Tuesday, November 01, 2005

Tuesday Special Interview: Julie Garwood

Yes I know it’s supposed to be Toni Blake, but I did promise you Julie Garwood a while ago, so here goes!

Author Name: Julie Garwood
Genre: Romance/Suspense
Latest book in shops now:

Before we begin this interview, I need to check that you’re still grounded and that your head isn’t swollen from all of your success, so with that in mind, what was the last thing you bought at Walmart, and do you know how much a loaf of bread costs? (grin)

A plastic storage box, and, as I remember, a cookie sheet. The loaf of bread I bought yesterday was $2.50.

What were your favourite books as a child?

I loved the Nancy Drew mysteries when I was very young. The first book that truly made an impact on me was To Kill a Mockingbird. I carried it around with me for weeks

What does a typical day as a writer consist of?

I get up very early and spend the morning at my typewriter. I take breaks to plot by doing laundry or answering email. I write until mid-afternoon, and then I stop to take care of business or run errands. In the midst of all this are phone calls from family, friends, agents, editors, etc..

Name your top five favourite books of all time.

There are several that stayed in my memory long after I finished them. I think of To Kill a Mockingbird, Grapes of Wrath, Gone with the Wind, Angela's Ashes, The O. Henry stories, and so many others.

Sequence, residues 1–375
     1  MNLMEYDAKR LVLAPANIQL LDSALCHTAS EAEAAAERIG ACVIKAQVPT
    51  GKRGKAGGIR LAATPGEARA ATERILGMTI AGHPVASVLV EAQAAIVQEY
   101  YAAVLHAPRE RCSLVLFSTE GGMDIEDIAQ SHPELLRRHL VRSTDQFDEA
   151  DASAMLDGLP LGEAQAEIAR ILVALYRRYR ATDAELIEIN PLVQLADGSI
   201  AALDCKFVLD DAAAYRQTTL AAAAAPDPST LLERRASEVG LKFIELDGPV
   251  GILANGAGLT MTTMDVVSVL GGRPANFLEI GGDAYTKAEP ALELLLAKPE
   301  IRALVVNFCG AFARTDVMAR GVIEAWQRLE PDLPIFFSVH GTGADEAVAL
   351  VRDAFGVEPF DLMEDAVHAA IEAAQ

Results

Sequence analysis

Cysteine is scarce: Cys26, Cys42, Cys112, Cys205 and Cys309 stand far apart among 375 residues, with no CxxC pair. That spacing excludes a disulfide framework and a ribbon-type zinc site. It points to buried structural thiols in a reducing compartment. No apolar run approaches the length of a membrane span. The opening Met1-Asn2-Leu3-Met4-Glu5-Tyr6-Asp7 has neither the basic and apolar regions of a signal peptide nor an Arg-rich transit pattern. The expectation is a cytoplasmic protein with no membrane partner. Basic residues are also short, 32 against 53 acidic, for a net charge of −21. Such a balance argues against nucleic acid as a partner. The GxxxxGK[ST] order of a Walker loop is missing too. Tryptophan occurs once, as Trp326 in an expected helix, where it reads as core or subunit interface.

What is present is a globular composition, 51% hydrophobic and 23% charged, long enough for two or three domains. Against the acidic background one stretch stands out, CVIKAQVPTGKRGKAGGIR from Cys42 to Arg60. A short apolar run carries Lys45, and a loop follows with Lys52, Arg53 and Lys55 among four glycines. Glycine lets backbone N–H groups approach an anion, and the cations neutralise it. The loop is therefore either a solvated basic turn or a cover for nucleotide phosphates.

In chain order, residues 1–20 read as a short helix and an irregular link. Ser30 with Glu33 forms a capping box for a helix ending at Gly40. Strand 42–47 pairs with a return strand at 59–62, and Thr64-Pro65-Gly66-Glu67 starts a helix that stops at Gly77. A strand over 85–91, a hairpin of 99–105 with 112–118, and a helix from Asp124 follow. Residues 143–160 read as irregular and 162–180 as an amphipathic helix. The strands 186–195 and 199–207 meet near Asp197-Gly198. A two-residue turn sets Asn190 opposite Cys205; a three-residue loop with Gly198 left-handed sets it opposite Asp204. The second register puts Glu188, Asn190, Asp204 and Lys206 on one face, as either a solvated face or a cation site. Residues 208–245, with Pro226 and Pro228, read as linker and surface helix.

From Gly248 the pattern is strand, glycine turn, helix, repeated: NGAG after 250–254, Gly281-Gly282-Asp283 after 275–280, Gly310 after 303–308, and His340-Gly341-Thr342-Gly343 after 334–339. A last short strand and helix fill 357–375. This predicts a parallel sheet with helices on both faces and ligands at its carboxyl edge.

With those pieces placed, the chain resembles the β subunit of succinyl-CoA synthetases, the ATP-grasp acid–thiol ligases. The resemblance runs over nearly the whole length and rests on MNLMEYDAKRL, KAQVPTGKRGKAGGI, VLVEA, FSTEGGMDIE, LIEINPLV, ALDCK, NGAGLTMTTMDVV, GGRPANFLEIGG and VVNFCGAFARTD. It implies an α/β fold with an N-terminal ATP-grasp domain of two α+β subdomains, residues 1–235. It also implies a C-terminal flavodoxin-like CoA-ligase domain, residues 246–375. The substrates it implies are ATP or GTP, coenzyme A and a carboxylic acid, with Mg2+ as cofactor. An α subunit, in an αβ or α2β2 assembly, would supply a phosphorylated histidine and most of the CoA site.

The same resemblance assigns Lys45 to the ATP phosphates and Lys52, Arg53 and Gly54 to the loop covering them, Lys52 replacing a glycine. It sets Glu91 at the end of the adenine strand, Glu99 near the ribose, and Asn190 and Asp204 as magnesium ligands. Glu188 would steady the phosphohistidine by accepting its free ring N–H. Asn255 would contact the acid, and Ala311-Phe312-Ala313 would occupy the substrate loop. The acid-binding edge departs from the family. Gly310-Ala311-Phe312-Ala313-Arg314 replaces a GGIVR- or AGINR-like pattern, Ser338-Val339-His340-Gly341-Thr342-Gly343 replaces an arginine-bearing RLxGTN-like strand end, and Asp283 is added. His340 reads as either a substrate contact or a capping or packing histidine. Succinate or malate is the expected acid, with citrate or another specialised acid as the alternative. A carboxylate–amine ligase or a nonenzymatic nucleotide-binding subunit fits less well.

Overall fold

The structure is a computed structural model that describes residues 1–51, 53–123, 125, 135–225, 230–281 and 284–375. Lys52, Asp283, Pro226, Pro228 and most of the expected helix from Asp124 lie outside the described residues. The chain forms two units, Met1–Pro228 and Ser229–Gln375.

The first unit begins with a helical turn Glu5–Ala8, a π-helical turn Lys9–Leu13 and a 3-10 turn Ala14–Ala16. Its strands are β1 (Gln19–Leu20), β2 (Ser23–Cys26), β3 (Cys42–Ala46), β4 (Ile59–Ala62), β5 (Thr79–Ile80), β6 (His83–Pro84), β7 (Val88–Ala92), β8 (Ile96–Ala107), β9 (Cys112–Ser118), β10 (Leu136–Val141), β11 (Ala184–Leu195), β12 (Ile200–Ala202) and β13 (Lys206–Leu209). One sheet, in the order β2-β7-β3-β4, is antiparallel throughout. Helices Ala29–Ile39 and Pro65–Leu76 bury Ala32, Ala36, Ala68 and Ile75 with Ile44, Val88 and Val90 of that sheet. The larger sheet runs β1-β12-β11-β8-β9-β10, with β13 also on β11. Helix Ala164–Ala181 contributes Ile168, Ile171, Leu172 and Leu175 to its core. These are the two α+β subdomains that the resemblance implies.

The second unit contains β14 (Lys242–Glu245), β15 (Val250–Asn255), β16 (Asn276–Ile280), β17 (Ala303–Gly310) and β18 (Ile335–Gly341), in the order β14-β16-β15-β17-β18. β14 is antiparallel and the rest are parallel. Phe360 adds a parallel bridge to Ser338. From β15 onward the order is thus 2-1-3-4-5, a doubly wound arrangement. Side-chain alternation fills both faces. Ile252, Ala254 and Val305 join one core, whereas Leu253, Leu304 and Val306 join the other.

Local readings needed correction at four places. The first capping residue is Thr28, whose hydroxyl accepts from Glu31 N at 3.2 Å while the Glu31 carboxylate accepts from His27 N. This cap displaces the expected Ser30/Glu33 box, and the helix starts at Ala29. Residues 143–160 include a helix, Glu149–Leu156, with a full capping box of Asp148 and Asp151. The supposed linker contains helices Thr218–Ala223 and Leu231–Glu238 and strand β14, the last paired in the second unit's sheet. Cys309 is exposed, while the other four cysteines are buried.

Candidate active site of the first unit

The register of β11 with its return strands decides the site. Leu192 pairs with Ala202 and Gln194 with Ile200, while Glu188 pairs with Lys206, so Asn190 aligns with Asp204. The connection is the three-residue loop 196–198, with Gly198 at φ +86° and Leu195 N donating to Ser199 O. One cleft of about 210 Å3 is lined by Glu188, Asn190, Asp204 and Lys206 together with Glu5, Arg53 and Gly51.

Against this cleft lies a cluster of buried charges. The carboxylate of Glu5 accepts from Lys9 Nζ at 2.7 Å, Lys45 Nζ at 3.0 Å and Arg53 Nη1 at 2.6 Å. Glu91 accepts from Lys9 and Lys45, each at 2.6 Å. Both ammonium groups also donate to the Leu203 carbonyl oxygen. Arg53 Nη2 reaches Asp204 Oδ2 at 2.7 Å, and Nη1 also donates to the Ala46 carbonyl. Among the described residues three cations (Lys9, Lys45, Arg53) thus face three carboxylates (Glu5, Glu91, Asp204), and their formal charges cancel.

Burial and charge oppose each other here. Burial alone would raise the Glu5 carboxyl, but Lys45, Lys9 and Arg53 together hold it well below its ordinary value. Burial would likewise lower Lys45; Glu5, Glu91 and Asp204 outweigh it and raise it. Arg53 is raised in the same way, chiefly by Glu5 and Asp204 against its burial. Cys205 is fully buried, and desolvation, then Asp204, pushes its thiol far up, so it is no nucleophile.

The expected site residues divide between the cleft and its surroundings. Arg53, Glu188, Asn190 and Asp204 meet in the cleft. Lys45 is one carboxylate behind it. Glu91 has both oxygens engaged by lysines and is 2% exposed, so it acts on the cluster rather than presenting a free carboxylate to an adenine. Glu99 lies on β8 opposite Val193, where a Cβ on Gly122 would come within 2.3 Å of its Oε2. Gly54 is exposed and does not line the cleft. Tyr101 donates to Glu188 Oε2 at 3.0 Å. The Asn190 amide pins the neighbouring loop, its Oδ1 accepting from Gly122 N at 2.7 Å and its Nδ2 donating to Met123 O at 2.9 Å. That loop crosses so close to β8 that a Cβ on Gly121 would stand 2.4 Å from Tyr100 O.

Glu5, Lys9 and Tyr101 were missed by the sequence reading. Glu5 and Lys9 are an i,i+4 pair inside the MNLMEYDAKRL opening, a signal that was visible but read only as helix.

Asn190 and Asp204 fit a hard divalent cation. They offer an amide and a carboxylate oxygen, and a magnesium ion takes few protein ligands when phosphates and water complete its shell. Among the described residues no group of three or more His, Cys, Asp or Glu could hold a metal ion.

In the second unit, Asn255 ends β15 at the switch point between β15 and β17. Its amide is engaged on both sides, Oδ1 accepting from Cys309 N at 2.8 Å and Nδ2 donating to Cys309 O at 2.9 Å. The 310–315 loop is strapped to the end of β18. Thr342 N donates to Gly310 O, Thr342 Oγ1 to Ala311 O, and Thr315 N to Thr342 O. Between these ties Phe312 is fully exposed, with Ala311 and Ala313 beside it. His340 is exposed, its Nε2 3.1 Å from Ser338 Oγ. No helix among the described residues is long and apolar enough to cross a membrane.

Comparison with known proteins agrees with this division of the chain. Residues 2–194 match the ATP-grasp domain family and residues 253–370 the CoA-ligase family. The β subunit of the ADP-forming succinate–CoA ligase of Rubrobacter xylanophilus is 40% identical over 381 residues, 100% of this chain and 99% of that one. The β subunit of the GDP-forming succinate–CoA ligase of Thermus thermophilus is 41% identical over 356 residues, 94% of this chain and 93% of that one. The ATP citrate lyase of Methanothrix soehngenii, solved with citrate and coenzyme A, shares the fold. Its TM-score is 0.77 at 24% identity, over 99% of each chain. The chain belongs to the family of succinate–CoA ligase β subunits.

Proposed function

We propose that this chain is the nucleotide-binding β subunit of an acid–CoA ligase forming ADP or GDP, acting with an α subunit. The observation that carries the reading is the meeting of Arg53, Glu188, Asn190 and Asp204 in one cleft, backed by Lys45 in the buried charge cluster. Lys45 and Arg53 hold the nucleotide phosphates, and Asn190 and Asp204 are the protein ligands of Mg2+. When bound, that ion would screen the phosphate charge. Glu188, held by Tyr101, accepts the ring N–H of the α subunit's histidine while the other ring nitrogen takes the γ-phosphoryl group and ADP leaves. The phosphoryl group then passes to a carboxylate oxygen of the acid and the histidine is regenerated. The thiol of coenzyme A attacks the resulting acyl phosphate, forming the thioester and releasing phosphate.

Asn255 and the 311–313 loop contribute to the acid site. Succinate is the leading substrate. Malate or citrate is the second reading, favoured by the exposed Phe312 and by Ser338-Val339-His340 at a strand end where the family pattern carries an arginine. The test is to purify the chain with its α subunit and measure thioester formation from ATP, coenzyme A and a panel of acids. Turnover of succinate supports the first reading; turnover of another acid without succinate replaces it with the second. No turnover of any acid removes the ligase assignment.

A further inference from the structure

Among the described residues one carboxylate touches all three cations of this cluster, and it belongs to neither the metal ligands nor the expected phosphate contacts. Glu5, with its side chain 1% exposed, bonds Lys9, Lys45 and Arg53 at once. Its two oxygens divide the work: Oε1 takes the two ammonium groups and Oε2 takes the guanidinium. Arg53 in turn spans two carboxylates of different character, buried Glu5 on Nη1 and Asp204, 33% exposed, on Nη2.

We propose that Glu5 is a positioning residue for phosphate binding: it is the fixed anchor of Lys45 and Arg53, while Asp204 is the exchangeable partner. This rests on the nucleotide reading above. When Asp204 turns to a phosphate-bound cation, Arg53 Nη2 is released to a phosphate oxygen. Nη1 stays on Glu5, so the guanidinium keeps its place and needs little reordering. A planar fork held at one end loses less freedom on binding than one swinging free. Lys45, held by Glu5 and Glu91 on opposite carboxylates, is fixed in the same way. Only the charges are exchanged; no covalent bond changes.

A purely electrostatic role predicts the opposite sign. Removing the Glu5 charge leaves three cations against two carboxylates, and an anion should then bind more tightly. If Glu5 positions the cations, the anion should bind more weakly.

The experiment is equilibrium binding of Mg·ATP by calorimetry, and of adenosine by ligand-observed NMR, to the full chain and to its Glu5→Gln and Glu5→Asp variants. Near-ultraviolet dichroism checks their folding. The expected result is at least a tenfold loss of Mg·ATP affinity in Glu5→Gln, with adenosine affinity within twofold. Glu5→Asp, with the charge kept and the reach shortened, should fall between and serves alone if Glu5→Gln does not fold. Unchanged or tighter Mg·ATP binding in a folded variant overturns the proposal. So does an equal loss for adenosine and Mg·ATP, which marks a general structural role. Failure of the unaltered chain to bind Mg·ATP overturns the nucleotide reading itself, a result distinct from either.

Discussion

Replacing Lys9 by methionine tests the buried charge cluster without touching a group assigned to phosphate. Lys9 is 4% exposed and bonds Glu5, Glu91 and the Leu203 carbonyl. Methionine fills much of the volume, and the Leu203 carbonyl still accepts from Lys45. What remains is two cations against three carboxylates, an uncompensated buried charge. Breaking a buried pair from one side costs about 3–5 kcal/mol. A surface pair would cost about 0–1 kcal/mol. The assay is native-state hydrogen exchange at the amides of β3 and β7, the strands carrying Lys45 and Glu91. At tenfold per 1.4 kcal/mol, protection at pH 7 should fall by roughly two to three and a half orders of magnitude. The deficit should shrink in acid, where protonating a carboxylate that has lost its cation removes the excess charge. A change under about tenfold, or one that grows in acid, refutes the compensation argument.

Which authors are you glomming at the moment? (reading a lot of?)

I'm not reading one author in particular. I've been trying to stay current on the bestsellers, but I don't have as much time as I'd like to read.

Do you have other close romance writer friends, and if so who are they?

I have many friends who are in the local chapter of RWA. A couple of close friends whom I see often are Candy Cole and Sharon Flannery.

When did you realise that you wanted to write books, and who or what inspired you?

When I was in elementary school, I had a teacher named Sister Elizabeth who opened up the world of books for me. Ever since then, I've wanted to be a storyteller.

If you could have a one-to-one conversation with a famous historical figure, who would it be with and what would you talk about?

Ralph Waldo Emerson. I'm inspired by his words and his philosophies. I'd love to spend a day with him discussing what it means to be alive.

What is your ultimate goal when it comes to your writing?

I want to take my readers on a journey – to give them an adventure. If I can make them smile or pull them into a great love story, I feel successful.

How has the romance genre changed from when you first started writing, and which of these changes were you happiest/unhappiest with?

When I wrote my first book,
Gentle Warrior, I was told there was no place in the romance genre for humor. I'm glad to see that's changed.

What I don't like to see is the cloning that's becoming so prevalent. If one book is successful, we often see it followed by several just like it. The shrinking number of mid-list authors is also unfortunate. We need new voices entering the genre.


Which of your books is the dearest to your heart, and why?

I'm usually fondest of the one I'm working on – probably because I'm focused on it.

Has anything a reviewer or reader said or written about you changed the way you write?